PM snuffs out dull image

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The Independent Online
'GREY toughie arrives in Sweden.' With that front-page headline, Sweden's leading morning newspaper greeted the first visit of a British prime minister since Harold Wilson in 1969, writes Annika Savill.

The same day, the toughie - John Major having sacked two close friends from his cabinet - and his bespectacled Swedish counterpart, Carl Bildt, announced a joint operation to take in Bosnian victims. The next morning, the pair acquired an improbable hooligan air when the helicopter carrying them to lunch on the island of Moja, famed for its beer brawls, tore the awning off a restaurant.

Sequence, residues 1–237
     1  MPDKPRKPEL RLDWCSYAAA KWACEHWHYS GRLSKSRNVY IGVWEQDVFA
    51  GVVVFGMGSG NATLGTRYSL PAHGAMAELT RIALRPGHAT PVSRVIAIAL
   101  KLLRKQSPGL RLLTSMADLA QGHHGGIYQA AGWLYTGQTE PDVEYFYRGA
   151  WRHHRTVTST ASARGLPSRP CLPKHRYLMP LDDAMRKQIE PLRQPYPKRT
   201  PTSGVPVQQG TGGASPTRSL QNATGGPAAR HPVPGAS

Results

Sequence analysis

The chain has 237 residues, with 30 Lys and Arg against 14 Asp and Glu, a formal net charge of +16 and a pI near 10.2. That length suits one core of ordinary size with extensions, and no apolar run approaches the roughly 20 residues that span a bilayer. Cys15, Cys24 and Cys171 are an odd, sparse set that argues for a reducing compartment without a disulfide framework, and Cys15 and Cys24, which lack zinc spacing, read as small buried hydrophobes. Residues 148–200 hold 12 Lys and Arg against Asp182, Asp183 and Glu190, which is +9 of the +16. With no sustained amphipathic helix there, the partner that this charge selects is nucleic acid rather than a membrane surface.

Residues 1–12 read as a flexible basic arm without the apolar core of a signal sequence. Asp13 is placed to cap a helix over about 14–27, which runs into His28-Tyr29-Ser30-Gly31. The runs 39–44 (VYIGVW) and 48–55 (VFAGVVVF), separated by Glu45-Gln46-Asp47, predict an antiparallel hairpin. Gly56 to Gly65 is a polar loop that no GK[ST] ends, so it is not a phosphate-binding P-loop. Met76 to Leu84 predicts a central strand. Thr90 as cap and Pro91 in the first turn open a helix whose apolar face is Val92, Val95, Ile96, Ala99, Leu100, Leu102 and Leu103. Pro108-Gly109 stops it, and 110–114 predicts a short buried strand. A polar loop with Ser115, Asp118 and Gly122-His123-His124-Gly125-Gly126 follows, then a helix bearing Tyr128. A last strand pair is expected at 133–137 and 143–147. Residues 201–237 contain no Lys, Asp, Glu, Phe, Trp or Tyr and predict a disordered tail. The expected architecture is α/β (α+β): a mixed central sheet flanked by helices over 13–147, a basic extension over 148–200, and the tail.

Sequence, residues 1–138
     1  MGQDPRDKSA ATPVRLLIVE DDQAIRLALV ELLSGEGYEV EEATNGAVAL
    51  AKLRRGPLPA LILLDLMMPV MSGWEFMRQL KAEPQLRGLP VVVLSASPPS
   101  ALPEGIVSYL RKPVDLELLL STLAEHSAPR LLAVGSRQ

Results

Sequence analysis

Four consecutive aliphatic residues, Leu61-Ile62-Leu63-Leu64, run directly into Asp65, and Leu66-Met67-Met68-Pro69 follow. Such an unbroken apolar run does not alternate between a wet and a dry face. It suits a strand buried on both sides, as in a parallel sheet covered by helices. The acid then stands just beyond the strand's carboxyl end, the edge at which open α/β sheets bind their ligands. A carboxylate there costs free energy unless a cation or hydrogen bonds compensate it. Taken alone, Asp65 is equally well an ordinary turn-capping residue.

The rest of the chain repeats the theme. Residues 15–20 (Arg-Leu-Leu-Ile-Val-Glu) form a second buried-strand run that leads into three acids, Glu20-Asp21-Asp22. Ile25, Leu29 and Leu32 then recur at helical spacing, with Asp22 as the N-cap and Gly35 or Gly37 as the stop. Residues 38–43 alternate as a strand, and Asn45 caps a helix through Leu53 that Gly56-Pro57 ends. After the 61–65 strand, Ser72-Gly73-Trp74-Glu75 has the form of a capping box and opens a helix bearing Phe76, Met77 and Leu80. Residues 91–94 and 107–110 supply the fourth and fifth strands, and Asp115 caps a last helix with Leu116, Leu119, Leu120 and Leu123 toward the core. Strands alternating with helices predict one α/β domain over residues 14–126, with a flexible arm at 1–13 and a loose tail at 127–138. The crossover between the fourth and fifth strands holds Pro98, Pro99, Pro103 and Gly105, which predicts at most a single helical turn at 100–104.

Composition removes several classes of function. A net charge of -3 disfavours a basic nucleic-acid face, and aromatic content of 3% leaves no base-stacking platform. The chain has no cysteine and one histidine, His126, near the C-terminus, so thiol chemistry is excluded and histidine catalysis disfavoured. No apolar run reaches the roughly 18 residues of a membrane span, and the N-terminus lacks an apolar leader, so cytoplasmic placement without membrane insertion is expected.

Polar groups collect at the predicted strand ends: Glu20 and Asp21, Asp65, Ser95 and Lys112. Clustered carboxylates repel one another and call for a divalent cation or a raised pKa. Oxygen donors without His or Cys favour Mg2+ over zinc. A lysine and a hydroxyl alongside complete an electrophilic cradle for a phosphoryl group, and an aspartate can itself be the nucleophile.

A key topic of discussion was wet snuff. 'Swedish snuff is used almost exclusively in Sweden by Swedish snuffers so it does seem a bit odd that EC restrictions should stop us marketing snuff in Sweden,' said a Swedish diplomat. 'There may be up to 800,000 snuffers in the country.'

Inserted not up the nose but under the upper lip, snuff nowadays comes mostly in tea-bag-like pouches which minimise the black juice running down snuffers' teeth. Sweden hopes to appeal to an EC escape clause which allows exceptions for products with strong national traditions. In other words, Mr Major's subsidiarity may save Swedish snuff.

'We see Britain as an ally,' said one analyst. 'The Swedes hope there will emerge a voting bloc in the EC of Germany, Britain and the Nordic countries - a sort of north European, Protestant club.'